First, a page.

Beat ‘n’ Track: Tre Houston
This month the Beat ‘N’ Track takes its final spin of the semester with the hip-hop stylings of December graduate Tre Houston. Houston, who takes his last name from his Texas hometown, grew up listening to ‘90s pop, talk radio and the soul music of his “Mama Nell.” It all came together to create what Houston calls “an experiment that stuck,” and his ever-changing style of hip-hop was born. Since then, he’s found mentors in professors and friends at Belmont, who have each helped to shape the music he makes today. As senior A&E writer Dustin Stout learned, with so many notable accomplishments already to his name, Houston has discovered “the sky’s the limit.”
How would you describe your current style of hip-hop?
It’s hard to describe a certain style because it varies so greatly so often. I have an affinity for topics that move my emotions and my mind at the same time. I try to make music that I could fall in love with even if it wasn’t my own. Currently, my style involves driving drum patterns, heavy – but not over the top – bass, both used in conjunction with live orchestral instruments. Six months ago I could not dream of a track that did not have a piano backing and jazz drums. Six months before that I would not use piano in a single song I made. I change with my influences, my life experience and taste.
When you look back on your career so far, how has your style progressed or changed?
My style and career have evolved in really amazing and unforeseen ways. My style is constantly morphing just depending on what I am listening to and where my interests lie at the moment. Even song to song, things change just depending on mood and circumstance.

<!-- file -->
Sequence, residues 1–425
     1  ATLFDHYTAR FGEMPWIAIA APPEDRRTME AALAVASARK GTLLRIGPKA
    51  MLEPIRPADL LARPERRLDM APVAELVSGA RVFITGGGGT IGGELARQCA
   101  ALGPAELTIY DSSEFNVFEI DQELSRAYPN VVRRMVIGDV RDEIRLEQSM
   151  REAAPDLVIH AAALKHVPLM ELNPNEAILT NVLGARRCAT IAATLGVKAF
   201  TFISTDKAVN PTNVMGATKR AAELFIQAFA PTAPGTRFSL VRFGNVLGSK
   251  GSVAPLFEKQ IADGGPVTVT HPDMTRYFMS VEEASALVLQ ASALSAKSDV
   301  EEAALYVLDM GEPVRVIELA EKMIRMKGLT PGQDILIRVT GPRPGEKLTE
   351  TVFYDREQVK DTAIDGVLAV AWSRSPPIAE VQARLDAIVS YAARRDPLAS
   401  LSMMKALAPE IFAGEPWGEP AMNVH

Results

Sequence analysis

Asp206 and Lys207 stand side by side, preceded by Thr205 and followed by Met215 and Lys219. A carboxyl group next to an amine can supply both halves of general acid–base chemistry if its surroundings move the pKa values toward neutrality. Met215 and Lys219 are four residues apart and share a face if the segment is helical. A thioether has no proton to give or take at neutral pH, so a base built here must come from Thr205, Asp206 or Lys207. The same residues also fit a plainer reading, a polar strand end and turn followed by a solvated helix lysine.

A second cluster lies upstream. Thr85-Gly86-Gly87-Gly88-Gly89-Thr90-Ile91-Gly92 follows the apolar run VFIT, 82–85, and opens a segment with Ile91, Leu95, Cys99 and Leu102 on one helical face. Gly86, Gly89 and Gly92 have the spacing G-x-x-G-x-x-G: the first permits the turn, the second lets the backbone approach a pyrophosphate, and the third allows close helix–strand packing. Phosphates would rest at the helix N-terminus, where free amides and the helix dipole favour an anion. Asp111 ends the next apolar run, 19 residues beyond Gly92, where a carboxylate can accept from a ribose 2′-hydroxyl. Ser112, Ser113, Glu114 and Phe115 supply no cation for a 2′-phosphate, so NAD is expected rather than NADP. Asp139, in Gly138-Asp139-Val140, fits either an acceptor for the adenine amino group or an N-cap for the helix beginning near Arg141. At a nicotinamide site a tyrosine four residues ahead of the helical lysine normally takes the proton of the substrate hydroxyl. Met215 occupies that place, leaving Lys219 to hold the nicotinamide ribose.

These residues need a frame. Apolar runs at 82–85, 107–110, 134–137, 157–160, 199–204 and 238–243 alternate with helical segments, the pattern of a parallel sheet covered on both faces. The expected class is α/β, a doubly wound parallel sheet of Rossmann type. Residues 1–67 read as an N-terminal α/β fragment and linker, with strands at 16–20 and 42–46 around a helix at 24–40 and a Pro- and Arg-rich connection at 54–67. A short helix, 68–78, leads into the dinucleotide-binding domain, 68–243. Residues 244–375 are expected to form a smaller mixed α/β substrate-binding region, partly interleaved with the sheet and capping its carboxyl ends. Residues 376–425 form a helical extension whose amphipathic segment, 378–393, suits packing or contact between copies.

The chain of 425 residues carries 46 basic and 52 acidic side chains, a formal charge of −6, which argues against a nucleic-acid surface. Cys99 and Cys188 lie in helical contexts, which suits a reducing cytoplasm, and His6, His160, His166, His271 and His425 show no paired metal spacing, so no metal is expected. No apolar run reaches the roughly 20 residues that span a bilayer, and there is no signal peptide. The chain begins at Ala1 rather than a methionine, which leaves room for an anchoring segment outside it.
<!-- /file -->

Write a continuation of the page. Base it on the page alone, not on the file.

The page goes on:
What kind of music did you grow up listening to?
I was actually a little odd growing up. I listened to almost no music on my own until the sixth grade. I listened to talk radio and the news constantly, and the only music I ever indulged in was regular ‘90s pop radio on occasion and the soul music Mama Nell, my nanny, listened to. In the sixth grade, I really opened up to music and immediately began listening to just about everything.
When did you really start dedicating yourself to the genre of hip-hop?
In the sixth grade when I discovered music, I almost immediately began rapping. I was always a kid that liked to emulate – if I saw a cool movie, I would go home and use the family video camera to try to create an even better movie. Music was just the experiment that stuck. I loved it and dove in headfirst. My exposure to music is really tied into a series of five surgeries I had in the fifth grade that took me out of sports. I lost my form of expression and aggression release. Music replaced it.